Producing meaningful event and security notifications to permit operators to react immediately while eliminating false positives is the ultimate objective from a monitoring standpoint. Determining practical risk involving a production asset based on identified vulnerabilities, likelihood, consequence, competency, and level of effort is an effective means of tuning such a system.
As it is today, no single product, technology, or methodology can fully secure water networks. Protecting ICS assets requires a holistic defense-in-depth security approach that addresses internal and external security threats. Consider a medieval castle as an example (Figure 2). The first line of defense was always a deep moat that surrounded the perimeter, giving enemies only a single entrance to penetrate. If the moat was crossed, the enemy would then have a large stone wall to break through. But the fortifications didn’t end there. There were always precautions in case both the first and second lines of defense were broken, making attackers face obstacle after obstacle before reaching the king in his keep. Effective cybersecurity follows the same fundamentals. Attackers may be able to breach one or maybe even two lines of defense, but it becomes exponentially more difficult with each additional line.
Controlling access and environment and maintaining a common battlefield picture have been key concepts for ancient and modern warfare. This is a critical security concept, one that has saved lives and facilities over time.
Defense in depth
People’s role in cybersecurity
People are just as critical to the process of ensuring cybersecurity for water facilities as the technology that has been deployed. Having a security culture in the organization is the glue that brings all these concepts together. NIST recommends that all personnel receive regular, ongoing cybersecurity awareness training. Role-specific training should be given to staff, including executives, operations engineers, SCADA engineers, and network administrators. For their people to be effective, water utilities need to establish cyber and operational resiliency strategies developed within the organization’s policies and procedures. This will ensure a standardized approach to problem-solving, continuity of operations, and emergency response planning. Employing organizational standards, employees will be able to follow a predefined and rehearsed process without reliance on individual practices.
Cisco’s John Chambers famously said, “There are two types of companies: ones that have been breached and those that do not realize it.” To round out the NIST cybersecurity framework, a threat defense that helps the organization react to and minimize the impact of an attack that has occurred is critical. Organizations must be able to back up and restore their systems regardless of whether an event was caused by a cyberattack, human error, or physical failure. Unfortunately, many organizations do not find out that they lack proper backup and recovery plans until after an event has occurred. This reduces the speed of recovery and is often more expensive to repair. A planned and tested recovery strategy, along with a strong communication plan, are keys to reducing the impacts of a cyberattack.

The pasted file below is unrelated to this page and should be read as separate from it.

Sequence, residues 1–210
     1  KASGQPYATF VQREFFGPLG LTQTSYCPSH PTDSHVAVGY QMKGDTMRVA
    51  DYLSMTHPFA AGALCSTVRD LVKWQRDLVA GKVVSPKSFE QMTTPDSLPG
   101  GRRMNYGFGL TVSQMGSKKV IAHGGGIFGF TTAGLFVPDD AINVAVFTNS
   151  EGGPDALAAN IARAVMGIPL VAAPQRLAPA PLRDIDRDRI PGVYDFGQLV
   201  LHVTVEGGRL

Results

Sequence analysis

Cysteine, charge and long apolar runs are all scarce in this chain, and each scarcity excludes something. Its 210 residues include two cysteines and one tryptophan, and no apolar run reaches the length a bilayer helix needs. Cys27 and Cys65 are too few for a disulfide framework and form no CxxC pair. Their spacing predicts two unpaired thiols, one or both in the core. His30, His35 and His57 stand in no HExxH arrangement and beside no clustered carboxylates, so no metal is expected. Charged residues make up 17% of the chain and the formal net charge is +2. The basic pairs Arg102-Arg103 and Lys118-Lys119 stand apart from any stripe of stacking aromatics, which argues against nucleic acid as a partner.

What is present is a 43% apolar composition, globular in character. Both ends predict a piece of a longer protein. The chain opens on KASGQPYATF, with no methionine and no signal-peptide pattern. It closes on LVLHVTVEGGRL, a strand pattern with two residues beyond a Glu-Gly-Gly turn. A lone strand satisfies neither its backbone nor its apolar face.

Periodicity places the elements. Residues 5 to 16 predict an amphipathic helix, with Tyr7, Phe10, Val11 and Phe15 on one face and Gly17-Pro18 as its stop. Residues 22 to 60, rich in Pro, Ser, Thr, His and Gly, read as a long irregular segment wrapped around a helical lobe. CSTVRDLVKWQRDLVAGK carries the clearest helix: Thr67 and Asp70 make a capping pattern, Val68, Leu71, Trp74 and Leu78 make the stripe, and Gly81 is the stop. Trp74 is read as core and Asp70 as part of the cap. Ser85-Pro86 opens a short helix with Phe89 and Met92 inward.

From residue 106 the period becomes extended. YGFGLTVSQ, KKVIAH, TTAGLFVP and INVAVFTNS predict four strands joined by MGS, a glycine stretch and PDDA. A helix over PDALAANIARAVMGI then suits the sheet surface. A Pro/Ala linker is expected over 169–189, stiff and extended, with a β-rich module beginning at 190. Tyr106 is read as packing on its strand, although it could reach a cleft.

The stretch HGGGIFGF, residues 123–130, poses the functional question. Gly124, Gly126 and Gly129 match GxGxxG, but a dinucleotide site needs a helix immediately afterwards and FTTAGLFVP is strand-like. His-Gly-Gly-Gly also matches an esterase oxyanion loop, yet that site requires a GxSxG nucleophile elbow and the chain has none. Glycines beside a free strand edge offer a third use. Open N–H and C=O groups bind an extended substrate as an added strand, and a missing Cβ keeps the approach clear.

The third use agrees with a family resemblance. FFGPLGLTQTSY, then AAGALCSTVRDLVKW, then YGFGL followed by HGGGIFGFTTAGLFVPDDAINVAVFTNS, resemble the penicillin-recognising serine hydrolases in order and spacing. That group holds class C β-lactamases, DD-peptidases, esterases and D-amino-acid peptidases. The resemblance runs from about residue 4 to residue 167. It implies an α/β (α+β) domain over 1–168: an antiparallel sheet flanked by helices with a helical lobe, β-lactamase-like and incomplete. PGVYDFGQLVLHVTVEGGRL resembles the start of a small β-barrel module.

Water organizations will face increasing pressures from both historical challenges that continue to intensify and new pressures from a rapidly evolving world. Digital transformation of water utilities provides the opportunity to combat many of these challenges by giving them much better visibility into assets and operations of critical facilities, capability for remote operations, and increased efficiency. While the transition may take some effort, today’s intelligent water solutions have the ability to transform the business, leveraging new systems and technologies that were not available in the past. As a result operations will improve without compromising security. A robust cybersecurity foundation is the key element that will protect critical water and wastewater assets as utilities embark on their modernization journey.
It is thus imperative for water utilities to perform a thorough assessment of their systems and assets and understand their vulnerabilities, followed by devising a robust plan for ensuring cybersecurity throughout their digital implementation efforts. Planning today for the secure infrastructure of tomorrow should be a top priority in this transformative time. As the water industry embraces technological innovation, the benefits to the organizations, the consumers, and the environment will be embraced in a secure, reliable approach that assures access to this valuable resource well into the future.
Sielen Namdar, PE, Industry Executive, Global Water Business Lead, Cisco
Sielen is an industry executive with Cisco’s Cities and Communities team and leads Cisco’s Global Smart Water Business. She also serves as the co-chair of America's Partnership Group for Smart Water Networks Forum (SWAN). Sielen and her teams help water and wastewater customers globally build more resilient systems and operate, maintain, and manage their facilities more efficiently leveraging digital technologies. Prior to joining Cisco in 2018, Sielen spent 20 years at Jacobs Engineering (legacy CH2M) developing industry sector partnerships and facilitation of complex cross-business multidisciplinary teams to implement innovative and sustainable solutions for water utilities and transportation agencies. She also co-founded CH2M’s Smart Cities Initiative, working in collaboration with agencies, technology leaders, and ecosystem partners. Sielen holds bachelor's and master's degrees in civil engineering from the University of Washington. She is currently serving as a coach and mentor for the Seattle Leadership Tomorrow program, a civic leadership organization focused on exploring strategies for positive change that cross sectors and silos to foster healthy communities.